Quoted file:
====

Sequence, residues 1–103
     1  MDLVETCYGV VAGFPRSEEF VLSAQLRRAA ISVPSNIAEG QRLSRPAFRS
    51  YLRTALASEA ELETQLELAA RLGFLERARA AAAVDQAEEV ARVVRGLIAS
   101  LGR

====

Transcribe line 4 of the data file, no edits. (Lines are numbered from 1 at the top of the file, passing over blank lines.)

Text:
   101  LGR